BACKGROUND: The majority of studies support modern assertive health service models. However, the evidence is limited for parts of continental Europe, as well as for the pharmacological adherence outcome parameter.
METHOD: We conducted a quasi-experimental controlled trial including adult patients with a schizophreniform disorder and a maximum of 60 points on the Global Assessment of Functioning Scale (GAF). Interventions (n=176) and controls (TAU, n=142) were assessed every six-month within one year in 17 study practices in rural areas. Mental and functional state were rated using the Brief Psychiatric Rating Scale (BPRS) and the GAF. Functional limitations and pharmacological adherence were patient-rated using the WHO-Disability Assessment Schedule II (WHODAS-II) and the Medication Adherence Report Scale (MARS). We computed multilevel mixed models.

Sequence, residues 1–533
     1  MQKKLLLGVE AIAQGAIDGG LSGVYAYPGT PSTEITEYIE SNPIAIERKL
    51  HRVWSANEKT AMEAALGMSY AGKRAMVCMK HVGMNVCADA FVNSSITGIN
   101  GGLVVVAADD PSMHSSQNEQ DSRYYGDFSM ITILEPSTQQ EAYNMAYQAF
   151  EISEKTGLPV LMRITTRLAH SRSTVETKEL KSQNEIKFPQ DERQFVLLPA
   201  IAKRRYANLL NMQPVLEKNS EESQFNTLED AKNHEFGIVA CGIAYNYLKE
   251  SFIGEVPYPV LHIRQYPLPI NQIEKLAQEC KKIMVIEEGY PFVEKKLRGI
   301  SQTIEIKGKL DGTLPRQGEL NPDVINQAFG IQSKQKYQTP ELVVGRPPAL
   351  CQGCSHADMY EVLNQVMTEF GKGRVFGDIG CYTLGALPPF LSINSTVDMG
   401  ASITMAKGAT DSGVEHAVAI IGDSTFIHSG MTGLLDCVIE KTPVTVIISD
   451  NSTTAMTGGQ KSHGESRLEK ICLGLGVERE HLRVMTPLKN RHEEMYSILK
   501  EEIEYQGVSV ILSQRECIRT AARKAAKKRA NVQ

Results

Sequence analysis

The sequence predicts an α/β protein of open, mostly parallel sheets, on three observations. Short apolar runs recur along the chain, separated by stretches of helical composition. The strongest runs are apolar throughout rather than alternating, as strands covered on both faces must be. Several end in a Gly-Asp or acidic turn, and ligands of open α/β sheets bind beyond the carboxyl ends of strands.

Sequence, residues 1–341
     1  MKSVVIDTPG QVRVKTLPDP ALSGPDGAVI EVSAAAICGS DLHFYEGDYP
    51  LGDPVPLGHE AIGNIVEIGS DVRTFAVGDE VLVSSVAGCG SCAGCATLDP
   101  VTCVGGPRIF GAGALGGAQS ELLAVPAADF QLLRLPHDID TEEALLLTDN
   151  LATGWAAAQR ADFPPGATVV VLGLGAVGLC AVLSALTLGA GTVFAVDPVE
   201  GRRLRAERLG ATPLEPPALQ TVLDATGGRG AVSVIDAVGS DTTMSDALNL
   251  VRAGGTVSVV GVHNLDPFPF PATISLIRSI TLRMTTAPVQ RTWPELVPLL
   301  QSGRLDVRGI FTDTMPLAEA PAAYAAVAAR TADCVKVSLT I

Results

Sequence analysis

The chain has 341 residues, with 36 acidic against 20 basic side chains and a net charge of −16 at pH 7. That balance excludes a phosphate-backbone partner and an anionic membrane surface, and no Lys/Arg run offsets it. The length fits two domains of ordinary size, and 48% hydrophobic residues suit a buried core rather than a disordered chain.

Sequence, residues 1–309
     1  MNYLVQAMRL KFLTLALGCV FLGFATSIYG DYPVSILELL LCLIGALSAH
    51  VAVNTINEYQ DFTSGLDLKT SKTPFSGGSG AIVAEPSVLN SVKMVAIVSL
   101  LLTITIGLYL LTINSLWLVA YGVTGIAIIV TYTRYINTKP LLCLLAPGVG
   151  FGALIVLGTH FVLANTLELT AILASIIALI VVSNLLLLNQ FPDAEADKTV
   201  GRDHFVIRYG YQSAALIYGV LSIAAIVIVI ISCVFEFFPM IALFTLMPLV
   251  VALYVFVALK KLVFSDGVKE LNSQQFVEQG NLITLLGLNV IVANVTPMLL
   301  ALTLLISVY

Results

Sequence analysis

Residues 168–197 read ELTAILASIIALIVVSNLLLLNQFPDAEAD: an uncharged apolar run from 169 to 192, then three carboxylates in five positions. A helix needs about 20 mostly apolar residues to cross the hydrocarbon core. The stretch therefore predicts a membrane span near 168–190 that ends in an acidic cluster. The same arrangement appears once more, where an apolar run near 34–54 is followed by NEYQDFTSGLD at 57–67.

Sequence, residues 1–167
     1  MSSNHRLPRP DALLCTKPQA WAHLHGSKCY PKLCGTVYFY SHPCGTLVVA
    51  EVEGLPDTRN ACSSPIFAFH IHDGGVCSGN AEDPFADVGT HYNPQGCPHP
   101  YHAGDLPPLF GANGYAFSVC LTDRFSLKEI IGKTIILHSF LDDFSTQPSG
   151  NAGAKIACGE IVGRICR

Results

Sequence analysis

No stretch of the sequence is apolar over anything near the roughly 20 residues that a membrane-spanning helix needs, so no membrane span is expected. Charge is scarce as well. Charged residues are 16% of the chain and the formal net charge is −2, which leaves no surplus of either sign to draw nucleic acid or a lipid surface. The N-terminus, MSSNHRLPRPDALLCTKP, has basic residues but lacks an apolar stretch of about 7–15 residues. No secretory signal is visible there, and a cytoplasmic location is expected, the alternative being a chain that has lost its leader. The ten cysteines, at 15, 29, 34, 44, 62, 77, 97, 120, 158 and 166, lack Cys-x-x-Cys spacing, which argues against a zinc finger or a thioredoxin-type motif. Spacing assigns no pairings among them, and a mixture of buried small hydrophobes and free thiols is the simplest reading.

RESULTS: The GAF and BPRS of both groups improved significantly, yet the increase in the intervention group was significantly higher. In contrast, patient-rated variables - WHODAS-II and MARS - neither showed a stable temporal improvement nor a difference between groups.
CONCLUSION: Our findings only partly support the investigated AO intervention, because of conflicting results between clinician- and patient-ratings. Accordingly, the benefits of AO need to be further evaluated.